The UK beneficial ownership register helped to shine a light on the suspect deals of the family. Now, authorities must investigate the source of wealth of these investments.
Make public registers the global standard
Information about the real individuals behind companies is critical for everything from a fair tax system to stopping corruption and wildlife trafficking. The advantages of having beneficial ownership information easily available to authorities as well as to the public are so abundantly clear, that neither anti-corruption professionals nor the wider public can make sense of the slow pace of improvements in this area.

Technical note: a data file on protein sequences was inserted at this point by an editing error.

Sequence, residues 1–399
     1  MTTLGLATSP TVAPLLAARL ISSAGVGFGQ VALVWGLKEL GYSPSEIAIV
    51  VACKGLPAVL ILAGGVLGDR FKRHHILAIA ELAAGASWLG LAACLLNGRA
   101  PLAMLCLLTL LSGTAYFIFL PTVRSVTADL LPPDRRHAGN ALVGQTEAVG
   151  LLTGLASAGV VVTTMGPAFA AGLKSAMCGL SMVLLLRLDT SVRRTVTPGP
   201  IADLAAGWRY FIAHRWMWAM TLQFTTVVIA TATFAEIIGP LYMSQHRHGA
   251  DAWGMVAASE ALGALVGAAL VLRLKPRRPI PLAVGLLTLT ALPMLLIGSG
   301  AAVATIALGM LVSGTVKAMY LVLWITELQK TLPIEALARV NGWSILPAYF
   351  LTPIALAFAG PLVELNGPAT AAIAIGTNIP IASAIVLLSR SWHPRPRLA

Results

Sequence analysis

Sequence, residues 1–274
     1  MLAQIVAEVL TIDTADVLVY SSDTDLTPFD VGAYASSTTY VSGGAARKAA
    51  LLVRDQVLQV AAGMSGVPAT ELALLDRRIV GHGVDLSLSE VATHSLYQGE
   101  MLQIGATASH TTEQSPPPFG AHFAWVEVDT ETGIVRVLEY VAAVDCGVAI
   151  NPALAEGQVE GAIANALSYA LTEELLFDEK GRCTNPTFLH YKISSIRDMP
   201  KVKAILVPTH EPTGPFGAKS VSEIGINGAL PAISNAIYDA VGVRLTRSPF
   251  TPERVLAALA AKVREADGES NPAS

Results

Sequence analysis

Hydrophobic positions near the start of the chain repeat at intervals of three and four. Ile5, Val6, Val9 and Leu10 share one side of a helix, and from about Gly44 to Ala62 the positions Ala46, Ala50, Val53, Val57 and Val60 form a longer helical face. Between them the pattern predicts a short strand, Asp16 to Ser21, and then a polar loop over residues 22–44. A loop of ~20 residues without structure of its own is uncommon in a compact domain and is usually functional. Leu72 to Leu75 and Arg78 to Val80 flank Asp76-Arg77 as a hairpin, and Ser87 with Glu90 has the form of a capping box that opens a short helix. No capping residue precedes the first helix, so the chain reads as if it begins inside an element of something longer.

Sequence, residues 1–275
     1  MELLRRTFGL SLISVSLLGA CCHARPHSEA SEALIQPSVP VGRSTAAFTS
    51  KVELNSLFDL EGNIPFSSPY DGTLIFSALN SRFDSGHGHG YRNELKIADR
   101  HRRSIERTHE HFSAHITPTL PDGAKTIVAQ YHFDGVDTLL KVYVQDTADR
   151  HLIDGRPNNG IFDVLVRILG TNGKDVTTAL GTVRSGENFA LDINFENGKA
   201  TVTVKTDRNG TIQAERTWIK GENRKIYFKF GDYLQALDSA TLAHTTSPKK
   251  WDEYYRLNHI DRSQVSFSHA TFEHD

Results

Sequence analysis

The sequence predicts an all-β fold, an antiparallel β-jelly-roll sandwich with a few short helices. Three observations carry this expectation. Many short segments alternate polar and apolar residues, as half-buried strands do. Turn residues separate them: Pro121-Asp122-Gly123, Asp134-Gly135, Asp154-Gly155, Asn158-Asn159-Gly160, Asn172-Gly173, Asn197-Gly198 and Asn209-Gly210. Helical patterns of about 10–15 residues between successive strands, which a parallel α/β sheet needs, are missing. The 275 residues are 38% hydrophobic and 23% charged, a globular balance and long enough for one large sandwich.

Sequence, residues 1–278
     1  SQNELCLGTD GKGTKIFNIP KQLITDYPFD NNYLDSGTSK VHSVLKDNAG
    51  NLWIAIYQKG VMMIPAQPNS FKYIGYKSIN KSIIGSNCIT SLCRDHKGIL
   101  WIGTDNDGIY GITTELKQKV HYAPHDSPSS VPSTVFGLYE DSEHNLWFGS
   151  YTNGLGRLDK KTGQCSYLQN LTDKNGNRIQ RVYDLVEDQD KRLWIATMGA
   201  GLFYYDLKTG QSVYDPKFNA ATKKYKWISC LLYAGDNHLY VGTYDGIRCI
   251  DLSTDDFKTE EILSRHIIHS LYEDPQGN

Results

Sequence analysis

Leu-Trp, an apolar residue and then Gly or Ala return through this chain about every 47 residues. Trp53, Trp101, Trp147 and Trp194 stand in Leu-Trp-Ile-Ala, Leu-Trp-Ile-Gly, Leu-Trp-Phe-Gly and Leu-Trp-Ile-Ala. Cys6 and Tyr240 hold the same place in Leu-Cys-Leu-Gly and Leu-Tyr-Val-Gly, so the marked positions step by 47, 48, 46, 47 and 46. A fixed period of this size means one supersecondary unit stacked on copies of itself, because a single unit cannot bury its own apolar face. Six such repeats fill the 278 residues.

FATF members now have a chance to send a loud and clear message that half-baked measures to ensure beneficial ownership transparency will no longer be acceptable. Beneficial ownership registers with verified data should be a requirement under the new global standard.